There can be few things worse, within a domestic setting at least,
than constant noise from a neighbour. Long ago I lived in a flat from which I
could hear every intimate noise from the couple above and when I graduated to a
semi found myself at the opposite end of the argument. For me, Sunday was a day
for DIY and my neighbour believed it was an excuse to stay in bed until the
afternoon. Since then the likelihood of noise problems has been a significant
factor for me when choosing a place to live. The end of my cul-de-sac could hardly be
more peaceful without returning to my country roots. Others are not so lucky.
A couple of months ago an occasional correspondent said…
I've just had a very interesting conversation with the emergency duty officer at the council. I'm currently suffering from a very serious noise disturbance. I rang the council who put me in touch with 101 [police] who could not care less. I was passed back to the emergency duty officer, having been told it is one hundred per cent the council's responsibility to deal with noise complaints. The poor officer informed me that he was inundated with noise complaints at the weekend. “There is a huge number of them, well, noise complaints naturally occur at the weekends, don't they?” the officer presumed.
“However, the council saw fit to cut environmental health cover at the weekends”, he said. I gather nobody has listened to him on this, he was keen that I raise it with the powers that be.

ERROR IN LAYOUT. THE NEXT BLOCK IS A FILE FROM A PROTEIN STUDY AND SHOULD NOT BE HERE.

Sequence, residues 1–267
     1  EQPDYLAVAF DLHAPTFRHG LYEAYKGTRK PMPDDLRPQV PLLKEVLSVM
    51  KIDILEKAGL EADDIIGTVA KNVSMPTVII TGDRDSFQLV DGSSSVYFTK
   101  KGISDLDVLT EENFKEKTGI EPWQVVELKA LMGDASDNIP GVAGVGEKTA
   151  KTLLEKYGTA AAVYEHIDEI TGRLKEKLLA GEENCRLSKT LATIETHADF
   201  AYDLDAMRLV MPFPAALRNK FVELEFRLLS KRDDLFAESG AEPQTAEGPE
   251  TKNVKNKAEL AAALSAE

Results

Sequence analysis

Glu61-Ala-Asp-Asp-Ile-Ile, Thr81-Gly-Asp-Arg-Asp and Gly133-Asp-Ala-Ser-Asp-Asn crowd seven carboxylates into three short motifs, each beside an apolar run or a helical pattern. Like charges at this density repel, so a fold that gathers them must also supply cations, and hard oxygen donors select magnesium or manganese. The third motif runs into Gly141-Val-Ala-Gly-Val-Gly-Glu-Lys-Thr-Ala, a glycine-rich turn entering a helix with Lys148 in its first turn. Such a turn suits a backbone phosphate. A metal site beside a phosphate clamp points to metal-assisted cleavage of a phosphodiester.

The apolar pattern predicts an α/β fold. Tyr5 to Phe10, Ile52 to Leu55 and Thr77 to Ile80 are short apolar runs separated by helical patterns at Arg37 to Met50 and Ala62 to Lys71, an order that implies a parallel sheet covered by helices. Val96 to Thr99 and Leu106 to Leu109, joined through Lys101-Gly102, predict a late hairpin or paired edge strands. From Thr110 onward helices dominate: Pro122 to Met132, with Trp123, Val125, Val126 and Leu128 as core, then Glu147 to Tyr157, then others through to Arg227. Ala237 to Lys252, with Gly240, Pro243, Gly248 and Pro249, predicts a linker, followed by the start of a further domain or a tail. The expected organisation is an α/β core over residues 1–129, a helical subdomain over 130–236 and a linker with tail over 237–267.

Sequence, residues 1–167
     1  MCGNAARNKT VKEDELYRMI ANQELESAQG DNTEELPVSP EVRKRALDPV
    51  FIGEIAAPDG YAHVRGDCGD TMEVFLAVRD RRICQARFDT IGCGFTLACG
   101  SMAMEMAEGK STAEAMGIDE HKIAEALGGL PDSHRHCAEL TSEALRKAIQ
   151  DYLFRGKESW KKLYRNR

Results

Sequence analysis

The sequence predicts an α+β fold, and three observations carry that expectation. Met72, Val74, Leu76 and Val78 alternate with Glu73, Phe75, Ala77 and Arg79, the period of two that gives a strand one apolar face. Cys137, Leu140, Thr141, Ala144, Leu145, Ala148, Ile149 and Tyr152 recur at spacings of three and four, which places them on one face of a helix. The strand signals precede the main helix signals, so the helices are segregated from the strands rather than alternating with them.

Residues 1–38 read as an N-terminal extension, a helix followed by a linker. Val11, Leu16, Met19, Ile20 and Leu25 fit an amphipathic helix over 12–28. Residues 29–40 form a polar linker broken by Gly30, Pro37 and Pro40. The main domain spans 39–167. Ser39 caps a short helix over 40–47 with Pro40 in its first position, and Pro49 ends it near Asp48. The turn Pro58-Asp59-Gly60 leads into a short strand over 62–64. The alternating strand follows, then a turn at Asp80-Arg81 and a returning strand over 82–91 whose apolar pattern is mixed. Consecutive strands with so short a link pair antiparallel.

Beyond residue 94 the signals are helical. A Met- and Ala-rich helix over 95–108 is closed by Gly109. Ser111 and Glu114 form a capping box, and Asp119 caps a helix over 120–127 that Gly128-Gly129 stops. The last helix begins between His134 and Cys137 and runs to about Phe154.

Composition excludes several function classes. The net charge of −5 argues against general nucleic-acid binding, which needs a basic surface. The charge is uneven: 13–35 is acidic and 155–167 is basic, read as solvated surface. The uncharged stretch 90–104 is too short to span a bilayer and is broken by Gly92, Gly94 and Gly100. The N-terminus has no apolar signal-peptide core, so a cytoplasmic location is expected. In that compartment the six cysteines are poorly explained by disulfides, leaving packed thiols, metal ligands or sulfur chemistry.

It must be hell for those affected, some people have no consideration and feel that non-stop riotous parties are their right. Another occasional correspondent who lives in Sunland Avenue, a little south of Broadway and Crook Log, has the same problem and been in frequent contact with the Environmental Health people since the end of last year at least. He was asked to log the noise nuisance but Environmental Health then appeared to lose interest. (A possible reason will become apparent later.)
As the weather heated up so did the noise nuisance and the police became involved but this neighbour from hell was no respecter of other people’s rights, he retaliated by building a wall to block out the affected neighbour as far as possible. Unfortunately that neighbour was not at all pleased to see the wall was built right up against his detached house - on his land! This was a step too far for my correspondent and on 18th April he hand delivered a letter of complaint. It was ignored, so my correspondent sought the assistance of a solicitor.
The solicitor wrote on 31st May and his letter was ignored too. He wrote again on 2nd July with the same result and with patience fast running out wrote another letter on 9th August, recorded delivery of course, and that too fell on stony ground.
The next stage is the engagement of a builder to remove the offending wall. A fourth solicitor’s letter has been sent to confirm exactly what is proposed…
…and as you can see it is a model of reasonableness and politeness. However it firmly reiterates the fact that the trespass must be reversed.
Some neighbours evidently think they can do whatever they like, just like some Bexley councillors do. But that is no coincidence. This neighbour is a Bexley councillor! Not one you know much about, he has been barely mentioned on Bonkers but is one of the eleven who believes he is under threat from Bexley residents. He hides his address under the provisions of Section 32 of the Localism Act.
I’m tempted to use Olly Cromwell’s epithet from when he pictured an unidentified councillor’s house and ask “What sort of…”. Oh, perhaps not. Incidentally, Olly moved back to the borough over the weekend after a two year absence. Maybe we will see him in the council chamber again.